If both you and your spouse have family coverage under qualified high-deductible health plans, the maximum total tax-deductible HSA contribution both of you can make (including employer contributions) is the IRS limit for family coverage. This contribution can be divided between you and your spouse however you wish. If you and/or your spouse are eligible to make catch-up contributions, you may each contribute your eligible catch-up contribution to your individual HSA.

What is the routing rumber for my Union Bank Health Benefit Solutions HSA?

The UBT Health Benefit Solutions HSA Routing Number is 104914160.

Can I pay out-of-pocket eligible expenses with after-tax dollars instead of using my HSA funds?

Yes. You always have the option to choose when and when not to use your HSA dollars. You may pay for qualified medical expenses with after-tax dollars, allowing your HSA balance to grow tax-free.

What health care expenses does my HSA cover?

You can use your HSA funds for a variety of IRS-qualified medical expenses, including many that aren’t covered by your HDHP. This includes deductibles, co-insurance, prescriptions, dental and vision care, and many more. Refer to IRS Publications 969 and 502 for a more complete list of qualified medical expenses.

What if I’m no longer covered by an HDHP?

Your HSA is portable. Funds are never lost due to changes in your employment or health insurance. If at some point you are no longer covered by an HDHP, you will still have access to use your funds to pay for qualified medical expenses. However, you are no longer eligible to make contributions.

How do I access my HSA funds to pay for qualified medical expenses?

You can pay for IRS-qualified medical expenses with funds from your HSA by using your debit card. You can also pay for part of all of your IRS-qualified medical expenses out-of-pocket and reimburse yourself later with HSA funds.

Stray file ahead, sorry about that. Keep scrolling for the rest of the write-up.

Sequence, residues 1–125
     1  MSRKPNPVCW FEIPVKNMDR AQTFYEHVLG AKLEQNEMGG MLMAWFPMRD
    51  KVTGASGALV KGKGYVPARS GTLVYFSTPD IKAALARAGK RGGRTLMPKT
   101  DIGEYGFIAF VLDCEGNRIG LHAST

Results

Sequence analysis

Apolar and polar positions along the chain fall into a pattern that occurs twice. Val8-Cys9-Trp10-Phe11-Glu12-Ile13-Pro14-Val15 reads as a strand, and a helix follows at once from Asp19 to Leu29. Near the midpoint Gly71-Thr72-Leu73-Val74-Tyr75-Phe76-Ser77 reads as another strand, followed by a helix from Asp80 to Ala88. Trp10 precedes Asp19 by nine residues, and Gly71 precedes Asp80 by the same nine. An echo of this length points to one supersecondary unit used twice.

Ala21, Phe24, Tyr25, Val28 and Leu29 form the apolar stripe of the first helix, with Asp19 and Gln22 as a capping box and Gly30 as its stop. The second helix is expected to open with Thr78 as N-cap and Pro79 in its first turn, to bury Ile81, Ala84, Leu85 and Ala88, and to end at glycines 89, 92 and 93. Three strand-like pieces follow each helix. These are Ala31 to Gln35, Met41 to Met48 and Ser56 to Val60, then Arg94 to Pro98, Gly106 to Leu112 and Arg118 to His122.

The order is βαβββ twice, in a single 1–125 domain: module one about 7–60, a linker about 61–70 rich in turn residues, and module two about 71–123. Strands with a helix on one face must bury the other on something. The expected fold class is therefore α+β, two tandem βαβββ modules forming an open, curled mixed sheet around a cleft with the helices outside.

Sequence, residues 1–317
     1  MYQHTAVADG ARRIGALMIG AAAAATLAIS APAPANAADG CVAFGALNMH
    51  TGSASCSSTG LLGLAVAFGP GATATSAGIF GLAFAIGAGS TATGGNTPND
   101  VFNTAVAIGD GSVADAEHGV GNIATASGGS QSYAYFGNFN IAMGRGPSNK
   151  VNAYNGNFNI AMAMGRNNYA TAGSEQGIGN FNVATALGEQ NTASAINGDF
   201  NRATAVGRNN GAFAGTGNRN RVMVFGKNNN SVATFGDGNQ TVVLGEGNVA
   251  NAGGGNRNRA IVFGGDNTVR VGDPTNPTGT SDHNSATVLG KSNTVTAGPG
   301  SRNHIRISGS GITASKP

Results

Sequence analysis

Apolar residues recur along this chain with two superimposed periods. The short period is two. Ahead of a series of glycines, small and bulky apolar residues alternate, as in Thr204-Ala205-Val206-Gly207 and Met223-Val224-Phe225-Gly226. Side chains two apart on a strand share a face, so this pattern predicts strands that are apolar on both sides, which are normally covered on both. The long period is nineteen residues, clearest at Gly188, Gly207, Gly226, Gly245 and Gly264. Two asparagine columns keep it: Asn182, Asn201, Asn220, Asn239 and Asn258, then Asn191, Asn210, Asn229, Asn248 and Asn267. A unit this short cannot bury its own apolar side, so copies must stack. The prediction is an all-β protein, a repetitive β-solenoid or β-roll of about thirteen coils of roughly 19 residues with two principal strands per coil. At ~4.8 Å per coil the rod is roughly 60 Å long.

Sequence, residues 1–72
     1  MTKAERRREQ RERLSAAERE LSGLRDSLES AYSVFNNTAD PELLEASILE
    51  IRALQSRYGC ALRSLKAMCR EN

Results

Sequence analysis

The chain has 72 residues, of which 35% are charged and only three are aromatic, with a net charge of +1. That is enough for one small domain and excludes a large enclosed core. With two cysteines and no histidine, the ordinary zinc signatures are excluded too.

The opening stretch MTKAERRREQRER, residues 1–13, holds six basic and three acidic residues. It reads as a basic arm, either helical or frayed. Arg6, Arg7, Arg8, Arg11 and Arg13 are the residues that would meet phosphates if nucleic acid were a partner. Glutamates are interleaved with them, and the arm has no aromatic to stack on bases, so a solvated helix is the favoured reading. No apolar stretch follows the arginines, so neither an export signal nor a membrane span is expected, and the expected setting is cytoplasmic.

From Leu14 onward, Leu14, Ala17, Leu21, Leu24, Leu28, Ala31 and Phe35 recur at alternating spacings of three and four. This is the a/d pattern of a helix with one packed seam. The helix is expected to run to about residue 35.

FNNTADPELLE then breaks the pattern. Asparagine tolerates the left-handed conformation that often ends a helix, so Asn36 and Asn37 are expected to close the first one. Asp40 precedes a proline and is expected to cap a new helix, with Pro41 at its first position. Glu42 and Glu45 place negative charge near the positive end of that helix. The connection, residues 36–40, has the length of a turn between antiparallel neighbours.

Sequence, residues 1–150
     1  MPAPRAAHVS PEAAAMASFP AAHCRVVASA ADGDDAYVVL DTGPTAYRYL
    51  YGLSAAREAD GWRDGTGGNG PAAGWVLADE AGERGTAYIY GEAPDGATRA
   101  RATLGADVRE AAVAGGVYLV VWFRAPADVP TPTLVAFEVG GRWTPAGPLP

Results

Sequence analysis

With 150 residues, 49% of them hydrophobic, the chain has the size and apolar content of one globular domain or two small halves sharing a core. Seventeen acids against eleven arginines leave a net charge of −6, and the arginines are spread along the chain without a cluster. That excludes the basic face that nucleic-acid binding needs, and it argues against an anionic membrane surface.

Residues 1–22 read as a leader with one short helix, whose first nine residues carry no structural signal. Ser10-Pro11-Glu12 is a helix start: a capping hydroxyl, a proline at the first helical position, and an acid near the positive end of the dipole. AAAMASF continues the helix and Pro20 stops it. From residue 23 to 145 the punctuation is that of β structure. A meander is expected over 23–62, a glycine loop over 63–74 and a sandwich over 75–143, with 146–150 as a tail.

Do I need to submit receipts for my HSA expenses?

No. You do not need to submit any receipts to us. However, be sure to save receipts on any qualified medical expenses paid out of your HSA for tax purposes.

Can an HSA be used to pay previous year expenses?

Yes, as long as the eligible medical expenses were incurred after your HSA was established and your HDHP coverage was in effect.

When will the 20% penalty be assessed for a distribution for non-qualified expenses?

The 20% penalty will be assessed for the year in which you take the distribution for non-qualified expenses. The penalty will be due and payable when you file your annual tax return.

What tax forms will I receive from Union Bank & Trust Health Benefit Solutions?

You may receive both a 1099-SA and 5498-SA tax form. The 1099-SA notifies the IRS of any distributions you made from your HSA during the tax year. Form 5498-SA notifies the IRS of any contributions made to your HSA during the tax year.

What are the penalties for taking a non-qualified withdrawal from my HSA?

Nonqualified distributions will be subject to ordinary income tax, and in some cases, a 20% penalty.  The only time tax is ever owed on principal or interest from your HSA is if the money is distributed for non-qualified expenses prior to your reaching age 65, becoming disabled or dying. Even if you use the funds for non-qualified expenses after you are 65 or disabled, you will only be subject to ordinary income tax on the money you withdraw without the 20% penalty.